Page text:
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inspiration Mental Health Nature PTSD

Taking The Time To Notice

Are you one of the many who walk through life, too busy to take a moment to stop and be one with nature? Taking the time to notice is good for your mental health

Are you one of the many who walk through life, too busy to take a moment to stop and be one with nature? Taking the time to notice is good for your mental health.

Early yesterday morning, I stepped out on the front step, to take my son to a school work program. The air was brisk but warmer than the day before. I thought “Man, a warmer day, finally!”

As I sat my laptop bag down by my car so I could unlock the door, something made me pause. It was the unmistakable sound of birds singing – a sound that, in Nova Scotia, is a sure sign of spring. As I scanned the top of the nearby chestnut tree, trying to find the source of the bird’s beautiful song, I couldn’t help but notice the vibrant blue sky and the golden light of the sun, crawling ever higher, and with it, gradually waking up the day.

While I listened to the bird sing away, and sure enough sitting atop this young chestnut tree; I thought to myself, “Look at all this beauty I am surrounded by.”

The effects of nature on your mental health


As I fumbled to activate the camera app on my phone, I thought, “It will probably be gone by the time I get this thing to work.” Lucky for me, it remained still, and I was able to snap a picture of a cardinal sitting proudly on a thin but sturdy branch. After snapping a few more pics of the beautiful morning, I said to myself, “Put the phone away and breathe deep, just take it all in.”


Looking for a book to help you get back to nature?

Other great titles on the subject of nature therapy

Taking the time to notice
The Power of Mindfulness

Read How Are You Feeling In The Moment?

As it turns out, taking the time to notice yesterday’s majestic morning set the tone for the rest of the day. Did it cure my PTSD, sense of dread from the night before or my constantly troubled mind? Well, no, but what it did do is inoculate me against its power to overcome and consume me.

In short, this was me being mindful, purposefully taking a time out to insist on being present. Looking back on it today, I am grateful for this beautiful red bird’s song, for it reminded me of the need to stop, breathe and feel the beauty all around me.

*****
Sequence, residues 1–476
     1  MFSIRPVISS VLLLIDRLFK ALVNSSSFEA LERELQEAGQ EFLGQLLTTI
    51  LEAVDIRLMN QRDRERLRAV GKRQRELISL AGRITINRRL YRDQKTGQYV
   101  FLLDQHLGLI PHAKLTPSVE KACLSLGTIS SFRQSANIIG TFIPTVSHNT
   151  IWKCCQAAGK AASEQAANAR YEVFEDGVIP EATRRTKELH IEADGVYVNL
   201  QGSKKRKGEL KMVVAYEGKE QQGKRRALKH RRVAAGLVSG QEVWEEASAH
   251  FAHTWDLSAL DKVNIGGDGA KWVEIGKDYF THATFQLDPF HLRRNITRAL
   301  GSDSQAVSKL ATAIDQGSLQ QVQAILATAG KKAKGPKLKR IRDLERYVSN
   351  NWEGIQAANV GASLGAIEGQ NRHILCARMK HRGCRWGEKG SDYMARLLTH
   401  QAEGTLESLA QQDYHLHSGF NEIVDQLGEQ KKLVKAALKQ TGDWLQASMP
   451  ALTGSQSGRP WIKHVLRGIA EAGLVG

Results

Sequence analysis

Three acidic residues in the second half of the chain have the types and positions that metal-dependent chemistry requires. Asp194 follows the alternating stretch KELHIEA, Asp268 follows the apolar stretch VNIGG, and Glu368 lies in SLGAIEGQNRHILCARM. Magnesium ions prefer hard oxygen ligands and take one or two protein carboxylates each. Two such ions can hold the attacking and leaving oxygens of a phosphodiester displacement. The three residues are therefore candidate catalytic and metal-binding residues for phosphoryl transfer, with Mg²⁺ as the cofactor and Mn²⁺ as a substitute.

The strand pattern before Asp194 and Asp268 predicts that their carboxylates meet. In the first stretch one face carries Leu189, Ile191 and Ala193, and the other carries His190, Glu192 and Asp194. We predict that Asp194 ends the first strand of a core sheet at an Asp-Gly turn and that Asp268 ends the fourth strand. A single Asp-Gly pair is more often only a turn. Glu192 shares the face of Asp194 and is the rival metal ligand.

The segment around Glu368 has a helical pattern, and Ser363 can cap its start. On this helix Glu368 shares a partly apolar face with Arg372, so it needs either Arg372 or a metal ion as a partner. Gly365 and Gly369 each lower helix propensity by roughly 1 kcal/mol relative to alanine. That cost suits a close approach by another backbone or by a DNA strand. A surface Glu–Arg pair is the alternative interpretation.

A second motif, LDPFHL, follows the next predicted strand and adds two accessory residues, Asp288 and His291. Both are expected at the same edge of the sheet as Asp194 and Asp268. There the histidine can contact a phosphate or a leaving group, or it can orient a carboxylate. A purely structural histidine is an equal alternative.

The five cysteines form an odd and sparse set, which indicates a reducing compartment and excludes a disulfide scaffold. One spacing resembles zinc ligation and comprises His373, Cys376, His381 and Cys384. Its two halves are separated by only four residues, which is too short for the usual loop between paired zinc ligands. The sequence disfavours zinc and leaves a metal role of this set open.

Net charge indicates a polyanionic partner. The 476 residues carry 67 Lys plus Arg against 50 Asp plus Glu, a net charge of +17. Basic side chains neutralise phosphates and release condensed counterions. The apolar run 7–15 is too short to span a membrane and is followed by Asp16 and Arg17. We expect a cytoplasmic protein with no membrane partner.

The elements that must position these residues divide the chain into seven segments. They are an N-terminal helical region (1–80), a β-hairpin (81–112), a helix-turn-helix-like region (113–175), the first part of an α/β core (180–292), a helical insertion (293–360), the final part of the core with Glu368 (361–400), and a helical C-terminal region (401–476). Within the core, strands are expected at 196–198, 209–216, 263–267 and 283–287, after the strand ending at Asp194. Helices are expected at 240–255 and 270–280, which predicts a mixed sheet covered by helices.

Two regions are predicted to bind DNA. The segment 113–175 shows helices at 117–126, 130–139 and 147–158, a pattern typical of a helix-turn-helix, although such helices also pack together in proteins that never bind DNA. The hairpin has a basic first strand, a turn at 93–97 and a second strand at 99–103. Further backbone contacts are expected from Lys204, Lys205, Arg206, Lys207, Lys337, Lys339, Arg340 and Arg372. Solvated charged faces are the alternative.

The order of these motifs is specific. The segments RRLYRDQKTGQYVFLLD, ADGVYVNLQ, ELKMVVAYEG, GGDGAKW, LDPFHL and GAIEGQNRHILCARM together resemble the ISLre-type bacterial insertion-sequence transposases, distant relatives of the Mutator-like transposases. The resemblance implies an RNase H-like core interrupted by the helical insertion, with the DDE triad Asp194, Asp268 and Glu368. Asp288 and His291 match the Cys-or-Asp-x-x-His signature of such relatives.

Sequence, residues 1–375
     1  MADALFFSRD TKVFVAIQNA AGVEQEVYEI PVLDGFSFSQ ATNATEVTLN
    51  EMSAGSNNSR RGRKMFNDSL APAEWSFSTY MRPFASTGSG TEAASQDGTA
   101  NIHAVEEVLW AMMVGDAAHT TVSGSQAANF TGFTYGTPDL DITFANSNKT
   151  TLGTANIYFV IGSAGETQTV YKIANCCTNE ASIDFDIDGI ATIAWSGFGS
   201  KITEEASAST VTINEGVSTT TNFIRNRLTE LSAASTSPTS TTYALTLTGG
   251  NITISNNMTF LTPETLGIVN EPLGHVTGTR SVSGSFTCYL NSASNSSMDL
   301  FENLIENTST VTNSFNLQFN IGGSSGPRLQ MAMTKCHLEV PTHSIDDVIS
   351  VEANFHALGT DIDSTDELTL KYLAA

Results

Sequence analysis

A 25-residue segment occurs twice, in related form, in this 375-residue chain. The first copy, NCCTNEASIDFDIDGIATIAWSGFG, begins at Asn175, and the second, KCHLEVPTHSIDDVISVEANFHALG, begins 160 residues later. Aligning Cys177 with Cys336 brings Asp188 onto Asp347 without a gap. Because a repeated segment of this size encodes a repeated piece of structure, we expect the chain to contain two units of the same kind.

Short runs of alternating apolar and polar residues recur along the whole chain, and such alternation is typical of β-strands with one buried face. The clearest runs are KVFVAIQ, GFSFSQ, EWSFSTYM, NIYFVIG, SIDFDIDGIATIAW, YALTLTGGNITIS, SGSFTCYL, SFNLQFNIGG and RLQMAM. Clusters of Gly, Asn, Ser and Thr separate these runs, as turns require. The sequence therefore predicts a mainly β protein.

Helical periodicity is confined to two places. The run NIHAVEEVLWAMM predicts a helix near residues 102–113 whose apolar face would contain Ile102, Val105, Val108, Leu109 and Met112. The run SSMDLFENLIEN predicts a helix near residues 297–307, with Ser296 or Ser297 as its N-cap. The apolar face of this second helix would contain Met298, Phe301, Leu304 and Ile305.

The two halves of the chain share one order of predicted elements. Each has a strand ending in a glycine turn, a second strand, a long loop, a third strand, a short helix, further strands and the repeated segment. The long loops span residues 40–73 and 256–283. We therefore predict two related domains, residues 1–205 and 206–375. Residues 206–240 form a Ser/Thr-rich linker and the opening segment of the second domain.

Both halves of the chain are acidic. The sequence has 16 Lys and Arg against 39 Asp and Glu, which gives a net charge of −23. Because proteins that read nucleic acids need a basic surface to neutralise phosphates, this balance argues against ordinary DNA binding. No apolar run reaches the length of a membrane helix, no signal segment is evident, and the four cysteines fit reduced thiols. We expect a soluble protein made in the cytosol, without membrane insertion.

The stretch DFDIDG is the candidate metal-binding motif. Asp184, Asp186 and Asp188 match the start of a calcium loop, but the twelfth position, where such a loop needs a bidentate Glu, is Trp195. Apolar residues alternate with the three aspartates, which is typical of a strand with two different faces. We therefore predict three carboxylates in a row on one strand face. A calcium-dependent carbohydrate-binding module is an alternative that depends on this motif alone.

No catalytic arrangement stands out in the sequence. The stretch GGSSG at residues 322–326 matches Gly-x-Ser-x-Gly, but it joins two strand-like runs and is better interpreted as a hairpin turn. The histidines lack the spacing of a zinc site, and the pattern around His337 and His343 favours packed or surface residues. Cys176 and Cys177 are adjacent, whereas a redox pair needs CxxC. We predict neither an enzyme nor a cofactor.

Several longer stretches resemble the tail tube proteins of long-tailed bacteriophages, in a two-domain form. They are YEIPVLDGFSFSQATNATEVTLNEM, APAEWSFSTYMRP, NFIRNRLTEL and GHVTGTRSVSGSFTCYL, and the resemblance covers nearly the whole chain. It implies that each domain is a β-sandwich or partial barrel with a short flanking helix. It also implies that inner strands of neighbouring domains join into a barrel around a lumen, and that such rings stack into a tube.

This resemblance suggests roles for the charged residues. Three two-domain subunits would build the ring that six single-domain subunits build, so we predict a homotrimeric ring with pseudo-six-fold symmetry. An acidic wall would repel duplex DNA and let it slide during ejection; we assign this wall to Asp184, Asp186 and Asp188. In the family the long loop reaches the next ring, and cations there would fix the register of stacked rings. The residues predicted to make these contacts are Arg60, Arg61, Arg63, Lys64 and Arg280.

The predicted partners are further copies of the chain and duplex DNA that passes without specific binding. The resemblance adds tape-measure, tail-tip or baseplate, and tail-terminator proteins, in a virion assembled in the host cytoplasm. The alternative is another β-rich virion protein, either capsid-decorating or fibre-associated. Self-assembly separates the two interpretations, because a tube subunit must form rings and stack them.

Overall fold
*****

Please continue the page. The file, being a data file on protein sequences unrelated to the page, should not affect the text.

So, when you get up tomorrow morning, take a moment to listen to the sounds of nature. I am willing to bet that taking it all in will help dampen down the fires in your mind… Lots to be grateful for.


If you are struggling, please go here for help: Crisis Services Canada

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Jonathan Arenburg.
Jonathan Arenburg.

Jonathan Arenburg is a mental-health blogger, writer, and published author, appearing in the i’Mpossible’s Projects Lemonade Stand III. He has also been a contributing writer for Mental Health Talk, a column in his local paper. In addition, he has written for the mental-health advocacy organization Sick Not Weak.

Jonathan has also appeared on several mental health-related podcasts including: A New Dawn, The Depression Files, Books and Authors, and Men Are Nuts. Since being put off work because of PTSD, Jonathan has dedicated his time to his mental-wellness journey while helping others along the way.

Educated as an addiction’s counsellor, he has dedicated most of his professional life of eighteen years to working with those who have intellectual disabilities, behavioural challenges, and mental illness.

He has also spent fifteen years in the volunteer fire service helping his community.

His book “The Road To Mental Wellness” goes into detail about his life-long battle with depression, anxiety and more recently, PTSD. In it, he hopes to provide insight on how mental illness cultivates over a lifetime and, if not recognized and treated, how it impacts the entirety of one’s life, right from childhood into the adult years. Jonathan lives with his two children in Nova Scotia, Canada.

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